Construction of One World Trade Center

Construction of One World Trade Center

Construction of One World Trade Center was deferred until 2006 because of disputes between port authority and the developer. Tishman Realty & Construction,[1] is the selected builder. The building reached ground level on May 17, 2008 and is scheduled to be completed by the end of 2012 and will open in January 2013.



The symbolic cornerstone of One World Trade Center was laid down in a ceremony on July 4, 2004,[2] but further construction of the tower was stalled until 2006. The cornerstone was temporarily removed from the site on June 23, 2006.[3] The project was delayed due to acrimonious disputes over money, security and design but the last major issues were resolved on April 26, 2006 with a deal between developer Larry Silverstein and the Port Authority of New York and New Jersey. During the summer of 2006, explosives were detonated at the World Trade Center construction site, testing the use of charges to clear bedrock for the building's foundation. Controlled explosions continued for approximately two months thereafter.

One World Trade Center tower construction as of August 7, 2007.

On November 18, 2006, 400 cubic yards (310 cubic metres) of concrete were poured onto the foundation of the One World Trade Center, carried by as many as 40 trucks. On December 17, 2006, a ceremony was held in Battery Park City, with the public invited to sign a30-foot (9.1 m) steel beam.[4] This beam, the first to be installed, was welded on to the building's base on December 19, 2006.[5]

On January 9, 2007, a second set of beams was welded to the top of the first set. February 2007 estimates put the cost for construction of 1 WTC at $3 billion, or $1,150 per square foot ($12,380 per square meter).[6] Approximately $1 billion of insurance money recouped by Silverstein in connection with the September 11 attacks is being used for construction of the new One World Trade Center.[6] The State of New York is expected to provide $250 million toward construction costs, and the Port Authority agreed to finance another $1 billion through bonds.[7] In 2007, Tishman Construction Corporation of New York completed a row of steel columns at the perimeter of the construction site. Two tower crane bases were erected, each base containing a functioning luffing-jib tower crane. By the end of 2007, the tower’s footings and foundations were nearly complete.[8]


In January 2008, two construction cranes were moved into the construction site. The tower's concrete core began rising in the first months of 2008.[8] By February 22, 2008, 9,400 of the nearly 50,000 short tons (45,000 t) of steel necessary had been ordered.[9] By March 13, 2008, the steel for the tower had reached 70 feet (21 m) high, 10 feet (3 m) below street level.[10][11] From late March through early April, a 40-foot (12 m) tall mockup of a section of the tower's wall with twenty-four windows was tested by Construction Consulting Laboratory West in Ontario, California. The purpose of the testing was to ensure that the all-glass exterior of the tower will be able to withstand earthquakes and extreme weather conditions.[12] Testing also took place on another full-scale mockup south of Albuquerque, New Mexico. Both mockups passed the tests.[13] In mid-April, a batch of concrete had to be replaced after it failed a stress test.[14]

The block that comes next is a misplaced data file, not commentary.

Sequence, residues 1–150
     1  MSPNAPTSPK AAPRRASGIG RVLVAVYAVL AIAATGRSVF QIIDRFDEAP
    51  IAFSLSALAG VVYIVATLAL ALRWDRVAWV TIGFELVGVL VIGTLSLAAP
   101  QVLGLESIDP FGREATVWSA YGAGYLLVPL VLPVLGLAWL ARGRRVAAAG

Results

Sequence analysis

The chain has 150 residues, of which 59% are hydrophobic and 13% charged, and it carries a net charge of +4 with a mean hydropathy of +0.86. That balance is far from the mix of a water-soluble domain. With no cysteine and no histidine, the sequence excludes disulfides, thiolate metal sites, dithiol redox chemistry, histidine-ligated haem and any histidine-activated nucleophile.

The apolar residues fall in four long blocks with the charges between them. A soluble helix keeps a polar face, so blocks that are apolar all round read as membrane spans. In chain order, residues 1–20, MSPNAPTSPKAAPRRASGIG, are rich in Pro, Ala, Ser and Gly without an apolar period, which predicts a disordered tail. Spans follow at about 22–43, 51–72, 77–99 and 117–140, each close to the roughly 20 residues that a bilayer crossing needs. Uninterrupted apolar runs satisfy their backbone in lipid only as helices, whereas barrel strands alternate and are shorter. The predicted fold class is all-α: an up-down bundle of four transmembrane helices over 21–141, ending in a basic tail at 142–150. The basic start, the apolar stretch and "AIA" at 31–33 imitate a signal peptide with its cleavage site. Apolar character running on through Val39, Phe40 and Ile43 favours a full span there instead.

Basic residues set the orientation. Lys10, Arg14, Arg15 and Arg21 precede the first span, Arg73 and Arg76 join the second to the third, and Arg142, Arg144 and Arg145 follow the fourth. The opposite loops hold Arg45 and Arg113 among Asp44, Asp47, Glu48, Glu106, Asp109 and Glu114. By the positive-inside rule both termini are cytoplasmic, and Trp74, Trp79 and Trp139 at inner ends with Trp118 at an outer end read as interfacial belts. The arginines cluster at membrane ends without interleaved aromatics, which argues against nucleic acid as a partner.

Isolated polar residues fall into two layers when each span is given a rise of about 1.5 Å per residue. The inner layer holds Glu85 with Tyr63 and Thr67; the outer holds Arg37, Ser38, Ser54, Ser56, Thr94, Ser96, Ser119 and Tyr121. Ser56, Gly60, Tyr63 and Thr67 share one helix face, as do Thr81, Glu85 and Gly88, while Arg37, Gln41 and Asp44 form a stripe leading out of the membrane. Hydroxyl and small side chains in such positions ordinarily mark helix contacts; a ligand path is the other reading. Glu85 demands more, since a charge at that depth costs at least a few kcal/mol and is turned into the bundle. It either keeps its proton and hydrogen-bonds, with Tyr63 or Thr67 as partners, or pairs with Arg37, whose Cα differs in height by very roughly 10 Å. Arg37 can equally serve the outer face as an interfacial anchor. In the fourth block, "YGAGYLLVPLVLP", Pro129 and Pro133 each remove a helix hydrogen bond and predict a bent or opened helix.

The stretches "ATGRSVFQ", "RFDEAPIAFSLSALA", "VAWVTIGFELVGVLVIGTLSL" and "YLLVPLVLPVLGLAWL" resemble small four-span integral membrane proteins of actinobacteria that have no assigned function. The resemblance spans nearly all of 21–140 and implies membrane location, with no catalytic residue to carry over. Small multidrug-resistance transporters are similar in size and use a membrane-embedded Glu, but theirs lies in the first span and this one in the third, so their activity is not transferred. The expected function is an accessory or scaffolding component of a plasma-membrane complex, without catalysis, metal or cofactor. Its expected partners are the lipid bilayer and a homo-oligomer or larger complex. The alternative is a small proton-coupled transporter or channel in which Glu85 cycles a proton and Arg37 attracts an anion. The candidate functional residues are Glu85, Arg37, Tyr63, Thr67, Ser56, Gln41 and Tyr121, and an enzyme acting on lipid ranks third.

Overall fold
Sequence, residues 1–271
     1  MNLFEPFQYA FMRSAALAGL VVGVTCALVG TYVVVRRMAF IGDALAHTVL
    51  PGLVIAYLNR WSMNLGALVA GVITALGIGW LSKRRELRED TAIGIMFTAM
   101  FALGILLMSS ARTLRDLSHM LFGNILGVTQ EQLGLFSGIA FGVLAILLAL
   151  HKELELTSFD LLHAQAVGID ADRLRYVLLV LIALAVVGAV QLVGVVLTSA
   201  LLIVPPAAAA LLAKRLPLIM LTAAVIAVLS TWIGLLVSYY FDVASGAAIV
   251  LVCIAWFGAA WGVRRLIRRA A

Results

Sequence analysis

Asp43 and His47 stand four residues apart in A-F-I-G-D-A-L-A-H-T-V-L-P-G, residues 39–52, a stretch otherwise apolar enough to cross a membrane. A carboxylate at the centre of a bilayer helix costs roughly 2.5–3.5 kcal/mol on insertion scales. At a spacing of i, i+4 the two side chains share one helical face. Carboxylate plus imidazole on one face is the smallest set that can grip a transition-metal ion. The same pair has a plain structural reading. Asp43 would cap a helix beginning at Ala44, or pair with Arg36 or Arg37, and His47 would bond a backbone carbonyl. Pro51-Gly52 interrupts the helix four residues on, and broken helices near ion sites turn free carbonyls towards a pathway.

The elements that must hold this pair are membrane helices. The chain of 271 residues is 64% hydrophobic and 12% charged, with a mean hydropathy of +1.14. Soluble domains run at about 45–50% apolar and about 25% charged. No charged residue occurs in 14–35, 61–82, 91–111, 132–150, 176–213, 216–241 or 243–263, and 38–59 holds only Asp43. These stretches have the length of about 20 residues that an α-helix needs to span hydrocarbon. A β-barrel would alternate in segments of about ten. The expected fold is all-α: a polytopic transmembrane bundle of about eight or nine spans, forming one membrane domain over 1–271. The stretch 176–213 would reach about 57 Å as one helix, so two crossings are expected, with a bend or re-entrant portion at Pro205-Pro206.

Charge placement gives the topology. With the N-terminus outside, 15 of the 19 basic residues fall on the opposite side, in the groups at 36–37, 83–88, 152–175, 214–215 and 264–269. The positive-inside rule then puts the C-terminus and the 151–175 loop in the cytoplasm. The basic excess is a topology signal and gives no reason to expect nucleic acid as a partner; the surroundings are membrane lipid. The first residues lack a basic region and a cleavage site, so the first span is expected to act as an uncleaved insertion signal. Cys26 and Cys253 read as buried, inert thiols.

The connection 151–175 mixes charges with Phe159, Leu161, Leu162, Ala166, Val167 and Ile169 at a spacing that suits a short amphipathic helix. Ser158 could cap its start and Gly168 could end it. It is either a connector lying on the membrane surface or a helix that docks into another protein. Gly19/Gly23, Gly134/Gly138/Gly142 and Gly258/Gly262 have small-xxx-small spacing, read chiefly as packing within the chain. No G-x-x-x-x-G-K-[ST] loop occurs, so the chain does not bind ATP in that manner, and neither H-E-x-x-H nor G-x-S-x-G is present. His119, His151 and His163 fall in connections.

On May 17, 2008, the tower's steel breached street level when new sections were bolted to two of the twenty-four jumbo steel columns marking the building's footprint. The new column sections brought the height of the structure up to 15 feet (4.6 m) above street level.[15] In June, the chamfered steel skeleton of the tower's concrete base had begun to take shape.[16] By the end of the month, the concrete had been poured for the floor of the tower's basement level B3.[17] In his June 30, 2008 World Trade Center Rebuilding Assessment to New York Governor David Paterson, Port Authority executive director Chris Ward noted that roughly 90 percent of the construction contracts had been bid.[18]

One World Trade Center Site on July 12, 2009.

By August, 1 WTC had reached 25 feet (7.6 m) above street level.[19] During its September 16 meeting, the Port Authority board approved contracts for security and building management systems,[20] and 95% of the contracts needed to complete the tower had been signed.[21] The $20 million security contract includes sophisticated video analysis in which computers would alert security personnel to abnormal situations automatically.[22] On October 10, Collavino Construction poured an additional 520 cubic yards (400 m3) of concrete for the tower's concrete core, raising it to just above street level.[23]

By February 11, 2009, the tower was 105 feet (32 m) above street level.[24] On July 2, 2009, over1,200 cubic yards (920 m3) of concrete were poured to form parts of the street-level plaza. On August 13, the builders of 1 WTC set a70 short tons (64,000 kilograms) piece of steel into place—the largest column installed yet at the building. Each steel column—made at a factory in Luxembourg—was about 60 feet (18 m) long. The columns at the bottom of the tower's foundation were about 35 feet (11 m)long.[25]